May 1, 2009 / 2:47 AM / in 8 years

U.S. Justice Souter resigns

<p>Supreme Court Justice David Souter poses for an official picture with other justices at the Supreme Court, October 31, 2005. REUTERS/Jason Reed</p>

WASHINGTON (Reuters) - U.S. Supreme Court Justice David Souter announced on Friday he will resign, and President Barack Obama said he wanted someone with a sharp, independent mind for his first appointment to the nation’s highest court.

Souter, 69, who has been on the court since 1990, said in a brief letter to the White House that he intended to retire when the justices go on their summer recess at the end of next month.

Minutes later, Obama made a surprise appearance in the White House briefing room after speaking to Souter and said: “I am incredibly grateful for his dedicated service. I told him as much when we spoke.”

Souter’s retirement plans, which leaked out late on Thursday, sparked a frenzy of speculation about Obama’s search for a replacement, although the transition is unlikely to change the nine-member court’s ideological balance. Souter usually sides with the court’s three other liberal justices.

“I will seek somebody with a sharp and independent mind and a record of excellence and integrity. I will seek someone who understands that justice isn’t just about some abstract legal theory or footnote in a casebook,” Obama said.

With a rare vacancy on the court looming, advocacy groups were already positioning for a possible confirmation battle before the U.S. Senate, which has to give its approval to Obama’s nominee.

“As I make this decision, I intend to consult with members of both parties across the political spectrum. And it is my hope we can swear in our new Supreme Court justice in time for him or her to be seated by the first Monday in October when the court’s new term begins,” Obama said.

STRONG PRESSURE TO NAME A WOMAN

Obama will likely face heavy pressure to name another woman or the first Hispanic. Possible candidates include Solicitor General Elena Kagan, Michigan Governor Jennifer Granholm and appeals court judges Sonia Sotomayor and Diane Wood.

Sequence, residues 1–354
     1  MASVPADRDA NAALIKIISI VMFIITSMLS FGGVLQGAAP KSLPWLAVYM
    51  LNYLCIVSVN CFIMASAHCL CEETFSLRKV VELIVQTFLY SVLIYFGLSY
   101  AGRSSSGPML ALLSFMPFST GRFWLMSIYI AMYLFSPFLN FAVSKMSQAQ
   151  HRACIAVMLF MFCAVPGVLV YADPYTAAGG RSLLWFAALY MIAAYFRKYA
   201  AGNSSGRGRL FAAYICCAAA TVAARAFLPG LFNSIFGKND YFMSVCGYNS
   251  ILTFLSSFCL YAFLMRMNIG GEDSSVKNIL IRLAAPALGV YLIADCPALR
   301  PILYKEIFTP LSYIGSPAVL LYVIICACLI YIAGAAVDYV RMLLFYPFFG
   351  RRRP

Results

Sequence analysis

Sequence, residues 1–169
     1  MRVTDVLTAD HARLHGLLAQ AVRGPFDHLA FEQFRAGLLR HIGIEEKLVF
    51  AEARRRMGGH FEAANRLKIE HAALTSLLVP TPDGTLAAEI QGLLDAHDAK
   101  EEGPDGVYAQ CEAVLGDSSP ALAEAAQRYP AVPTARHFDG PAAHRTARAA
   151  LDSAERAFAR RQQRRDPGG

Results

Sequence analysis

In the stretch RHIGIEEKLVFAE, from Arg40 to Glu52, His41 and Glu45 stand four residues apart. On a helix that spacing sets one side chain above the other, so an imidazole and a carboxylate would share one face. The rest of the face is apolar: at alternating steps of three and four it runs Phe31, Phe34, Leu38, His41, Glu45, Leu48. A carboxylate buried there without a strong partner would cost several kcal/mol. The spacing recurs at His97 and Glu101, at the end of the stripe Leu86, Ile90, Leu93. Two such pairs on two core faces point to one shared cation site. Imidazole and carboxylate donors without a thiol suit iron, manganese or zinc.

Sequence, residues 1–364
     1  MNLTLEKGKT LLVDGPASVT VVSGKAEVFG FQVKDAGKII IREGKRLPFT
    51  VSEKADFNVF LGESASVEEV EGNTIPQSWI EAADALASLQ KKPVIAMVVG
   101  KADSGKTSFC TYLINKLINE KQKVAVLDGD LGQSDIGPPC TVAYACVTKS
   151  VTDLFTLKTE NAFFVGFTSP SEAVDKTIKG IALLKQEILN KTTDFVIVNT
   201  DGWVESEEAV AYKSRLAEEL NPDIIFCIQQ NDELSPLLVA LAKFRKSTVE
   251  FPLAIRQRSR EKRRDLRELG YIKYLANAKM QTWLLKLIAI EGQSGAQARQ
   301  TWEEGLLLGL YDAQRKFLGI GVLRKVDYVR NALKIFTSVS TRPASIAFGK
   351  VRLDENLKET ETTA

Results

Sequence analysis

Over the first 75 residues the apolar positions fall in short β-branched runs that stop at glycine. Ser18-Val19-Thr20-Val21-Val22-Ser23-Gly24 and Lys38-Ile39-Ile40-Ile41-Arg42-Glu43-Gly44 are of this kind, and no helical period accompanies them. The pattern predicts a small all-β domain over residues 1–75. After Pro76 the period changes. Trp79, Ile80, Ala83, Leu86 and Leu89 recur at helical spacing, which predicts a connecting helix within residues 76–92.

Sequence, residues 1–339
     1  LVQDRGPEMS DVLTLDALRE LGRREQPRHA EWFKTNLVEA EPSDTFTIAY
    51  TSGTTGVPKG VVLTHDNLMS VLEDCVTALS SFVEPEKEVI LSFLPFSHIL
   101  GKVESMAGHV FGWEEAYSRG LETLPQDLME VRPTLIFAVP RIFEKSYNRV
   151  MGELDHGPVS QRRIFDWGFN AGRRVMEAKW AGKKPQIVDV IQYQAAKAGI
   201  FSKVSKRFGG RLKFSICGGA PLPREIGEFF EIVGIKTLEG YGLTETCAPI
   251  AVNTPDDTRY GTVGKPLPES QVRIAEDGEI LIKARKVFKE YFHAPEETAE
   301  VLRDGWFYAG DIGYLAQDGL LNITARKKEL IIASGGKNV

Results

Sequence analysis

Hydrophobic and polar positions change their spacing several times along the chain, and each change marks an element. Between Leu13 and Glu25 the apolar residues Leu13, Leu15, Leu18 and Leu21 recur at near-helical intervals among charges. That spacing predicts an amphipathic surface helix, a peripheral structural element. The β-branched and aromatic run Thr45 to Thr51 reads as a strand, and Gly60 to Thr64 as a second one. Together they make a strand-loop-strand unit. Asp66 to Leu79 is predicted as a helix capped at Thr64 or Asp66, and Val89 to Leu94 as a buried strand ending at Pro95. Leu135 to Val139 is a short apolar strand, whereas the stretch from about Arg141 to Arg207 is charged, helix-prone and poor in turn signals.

Souter belongs to the court’s liberal wing and Obama would be expected to name someone with a similar philosophy. He could also name a younger justice who could serve for decades.

Appointed for life, Supreme Court justices decide such divisive issues as abortion rights and the death penalty. The court even decided the 2000 presidential election.

It would be the first Supreme Court justice named by a Democrat since 1994. Republican President George W. Bush named two justices in his eight years in office -- conservative Chief Justice John Roberts and Justice Samuel Alito.

Chosen for the Supreme Court by Republican President George Bush, Souter proved to be far more liberal than expected.

He has supported abortion rights and campaign-finance restrictions aimed at political corruption and has voted in favor of the legal rights of the prisoners held at the U.S. military base at Guantanamo Bay in Cuba.

Picking a Supreme Court nominee would be another major task for Obama, who is already dealing with two wars, a major recession and efforts in Congress to provide health insurance to all Americans and curb global warming.

An administration official said Obama and his aides have been preparing for a Supreme Court vacancy since the early days of the transition after the November election.

In December, during meetings in Chicago and Washington, Obama personally suggested names of individuals whom he would give serious consideration for any opening, the official said.

As part of the preparation process and before the news broke, there was a senior White House staff meeting on Thursday to discuss how to support a Supreme Court nominee selection process in the event of a vacancy, the official said.

Conservative Republicans may not like the eventual nominee chosen by Obama, but since the Democrats have a powerful majority in the Senate there may not be much they can do about it.

Additional reporting by Deborah Charles, David Alexander, Thomas Ferraro and Caren Bohan; editing by Mohammad Zargham

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